PDF standards not all mutually exclusive


PDF is available in various iterations that include PDF/A, PDF/UA, PDF/X, PDF/E, and PDF/VT, all of which fall under ISO standards. Each type serves a different function to fulfill various industry-specific needs. The various formats, though, are not mutually exclusive. Some intersections exist among them. Here are some examples.


PDF/A is the universal standard for PDF archiving. This ensures users can access PDF documents in their original layout many years down the road. To meet PDF/A standards, files have to be self-contained and cannot have insecure or active content. Level A, which is the conformance level of PDF/A, also meets these characteristics for accessibility:

  • Unicode
  • Language details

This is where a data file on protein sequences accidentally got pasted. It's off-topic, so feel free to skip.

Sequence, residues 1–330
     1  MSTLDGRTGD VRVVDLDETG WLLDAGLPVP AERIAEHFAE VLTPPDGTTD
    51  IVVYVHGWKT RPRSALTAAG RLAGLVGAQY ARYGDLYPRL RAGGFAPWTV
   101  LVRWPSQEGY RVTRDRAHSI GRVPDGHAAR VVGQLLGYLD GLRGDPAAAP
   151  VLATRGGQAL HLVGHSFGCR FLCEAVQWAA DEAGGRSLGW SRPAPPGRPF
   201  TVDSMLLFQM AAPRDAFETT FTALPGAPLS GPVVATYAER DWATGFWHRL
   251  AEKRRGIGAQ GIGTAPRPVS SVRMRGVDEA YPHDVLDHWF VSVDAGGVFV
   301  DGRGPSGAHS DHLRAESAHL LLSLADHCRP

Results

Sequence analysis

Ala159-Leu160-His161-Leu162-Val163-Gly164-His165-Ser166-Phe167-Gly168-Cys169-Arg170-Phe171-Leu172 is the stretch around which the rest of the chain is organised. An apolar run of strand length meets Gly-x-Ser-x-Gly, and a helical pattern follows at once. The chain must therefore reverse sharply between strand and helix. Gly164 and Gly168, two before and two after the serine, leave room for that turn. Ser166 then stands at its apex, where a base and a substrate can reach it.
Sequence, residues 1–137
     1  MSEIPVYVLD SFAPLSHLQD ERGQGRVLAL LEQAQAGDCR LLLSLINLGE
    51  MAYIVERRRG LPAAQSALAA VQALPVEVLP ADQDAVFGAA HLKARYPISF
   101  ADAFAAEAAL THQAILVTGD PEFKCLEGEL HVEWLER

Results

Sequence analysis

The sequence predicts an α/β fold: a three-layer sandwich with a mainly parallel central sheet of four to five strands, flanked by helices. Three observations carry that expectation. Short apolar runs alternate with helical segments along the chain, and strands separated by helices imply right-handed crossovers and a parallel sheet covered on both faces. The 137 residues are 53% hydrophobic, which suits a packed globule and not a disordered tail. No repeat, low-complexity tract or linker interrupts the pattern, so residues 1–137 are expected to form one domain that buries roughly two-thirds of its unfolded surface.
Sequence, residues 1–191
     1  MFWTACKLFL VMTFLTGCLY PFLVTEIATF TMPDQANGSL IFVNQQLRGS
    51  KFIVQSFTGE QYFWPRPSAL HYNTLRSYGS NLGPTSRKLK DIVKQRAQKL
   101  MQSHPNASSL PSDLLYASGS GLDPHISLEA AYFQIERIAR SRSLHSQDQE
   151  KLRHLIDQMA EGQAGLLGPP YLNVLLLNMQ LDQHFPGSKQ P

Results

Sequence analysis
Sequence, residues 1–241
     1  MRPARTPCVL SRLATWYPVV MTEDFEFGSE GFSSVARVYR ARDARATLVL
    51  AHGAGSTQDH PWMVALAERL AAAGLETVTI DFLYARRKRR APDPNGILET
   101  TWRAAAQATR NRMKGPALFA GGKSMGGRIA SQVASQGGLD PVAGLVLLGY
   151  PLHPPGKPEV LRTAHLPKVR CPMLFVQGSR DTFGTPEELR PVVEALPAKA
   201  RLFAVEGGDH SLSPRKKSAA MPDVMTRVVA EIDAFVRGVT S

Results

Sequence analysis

• Tagged PDF
  • Structure tree (hierarchy)

Essentially, this means PDF/A Level A files can concurrently meet PDF/UA requirements for across-the-board access to PDF files.


Some people call PDF/A the format for “electronic paper.” You could also say that about a subset of PDF/X. PDF/X is the ISO standard for printing. This version can also meet PDF/A requirements. This is in part because both versions do not allow video, audio, or any embedded material that can affect the printout. Mandatory content under PDF/X, such as page size and trimming data, is acceptable under PDF/A.


Of course, PDF can conform to other PDF standards, such as PDF/X, PDF/A, or PDF/E.  If you open a PDF that conforms to one of these standards, you can view the standards information with PhantomPDF. To do so, choose Convert > Industry Standard > Verify compliance > Analyze.



It’s a good thing that PDF ISO standards are not mutually exclusive. This eliminates the need for multiple and redundant versions of the same PDF files.

Leave a Reply

Your email address will not be published. Required fields are marked *